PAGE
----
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How to Find Birth Parents in Michigan

By Mandi Titus ; Updated April 18, 2017
Requests for identifying information must be made in writing.

Michigan has rules and guidelines in place to help adopted people find their birth parents. However, the law also takes steps to respect the privacy of birth parents who do not wish to be contacted. While basic birth-parent information is often readily available, identifying information such as birth-parent names and contact information is typically harder to obtain. Depending on the date of your adoption, different requirements must be met before information is released.

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Find out from the parents who adopted you where and when your adoption took place. Michigan requires that all requests for information from adoption records, including information about the birth parents, must be made through the adoption agency involved or the court where the adoption was finalized.

Write to the court or adoption agency to request your adoption records. Once your request has been received, the court or agency will access the state's Central Adoption Registry to determine if your birth parents have granted or denied the release of their information. If identifying information from your adoption file is eligible to be released, you will be provided with your birth parents' information so you may contact them.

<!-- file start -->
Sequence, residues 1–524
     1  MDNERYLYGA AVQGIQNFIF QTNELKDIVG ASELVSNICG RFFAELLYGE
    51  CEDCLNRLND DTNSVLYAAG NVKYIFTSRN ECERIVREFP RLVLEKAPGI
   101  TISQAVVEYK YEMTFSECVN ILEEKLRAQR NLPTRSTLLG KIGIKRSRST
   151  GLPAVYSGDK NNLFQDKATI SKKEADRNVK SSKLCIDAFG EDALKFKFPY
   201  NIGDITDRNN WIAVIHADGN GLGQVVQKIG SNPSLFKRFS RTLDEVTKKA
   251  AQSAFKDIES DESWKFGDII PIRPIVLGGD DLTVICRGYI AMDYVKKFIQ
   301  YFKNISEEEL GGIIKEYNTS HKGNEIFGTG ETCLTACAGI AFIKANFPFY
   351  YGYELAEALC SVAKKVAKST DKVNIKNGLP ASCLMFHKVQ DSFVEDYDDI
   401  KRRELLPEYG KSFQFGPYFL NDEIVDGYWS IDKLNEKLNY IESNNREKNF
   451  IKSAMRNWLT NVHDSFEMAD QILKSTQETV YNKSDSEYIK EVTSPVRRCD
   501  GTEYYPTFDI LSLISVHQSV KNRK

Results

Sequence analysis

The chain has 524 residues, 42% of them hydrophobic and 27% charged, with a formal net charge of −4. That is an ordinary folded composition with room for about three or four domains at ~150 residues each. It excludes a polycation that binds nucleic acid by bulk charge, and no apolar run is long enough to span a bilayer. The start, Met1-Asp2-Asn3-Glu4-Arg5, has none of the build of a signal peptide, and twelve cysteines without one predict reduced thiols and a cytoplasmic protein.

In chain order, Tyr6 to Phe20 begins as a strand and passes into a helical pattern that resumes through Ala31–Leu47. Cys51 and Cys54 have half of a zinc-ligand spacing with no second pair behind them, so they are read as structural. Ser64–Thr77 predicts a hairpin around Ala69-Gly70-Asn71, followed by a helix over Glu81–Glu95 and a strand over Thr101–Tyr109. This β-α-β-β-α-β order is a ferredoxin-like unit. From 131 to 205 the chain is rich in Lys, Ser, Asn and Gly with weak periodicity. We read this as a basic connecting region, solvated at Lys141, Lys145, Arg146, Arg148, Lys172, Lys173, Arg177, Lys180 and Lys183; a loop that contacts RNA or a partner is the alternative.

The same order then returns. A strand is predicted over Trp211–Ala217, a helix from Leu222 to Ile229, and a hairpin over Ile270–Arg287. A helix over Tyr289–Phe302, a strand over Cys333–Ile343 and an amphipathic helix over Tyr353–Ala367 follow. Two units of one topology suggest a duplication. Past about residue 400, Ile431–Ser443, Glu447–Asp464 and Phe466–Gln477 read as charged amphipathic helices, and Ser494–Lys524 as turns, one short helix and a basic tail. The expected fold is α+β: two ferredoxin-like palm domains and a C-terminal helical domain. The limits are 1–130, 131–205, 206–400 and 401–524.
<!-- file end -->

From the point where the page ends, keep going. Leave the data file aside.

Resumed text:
Request the assistance of a confidential intermediary if your adoption took place between May 28, 1945 and September 12, 1980. You must petition the court that finalized your adoption to have an intermediary appointed. The intermediary works to locate your birth parents and gain their approval for having their identifying information released to you.

File a petition with the court that finalized your adoption to have your records released if all other attempts prove unsuccessful. The court will consider all information and decide if identifying information from your adoption record can be released. However, the court is not required to release any information from your sealed record.

File additional requests periodically. Birth parents are able to agree to or restrict the release of their identifying information at any time by submitting a form to the state registry. If your initial attempts at locating your birth parents prove unsuccessful, make a second request at a later date.


All requests for identifying information must be made in writing, not by phone or e-mail.

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About the Author

Based in Florida, Mandi Titus has been writing since 2002. Her articles have been published on sites such as Goodkin, Go Green Street and Living the Healthy Way. She holds a Bachelor of Science in psychology from Stetson University.

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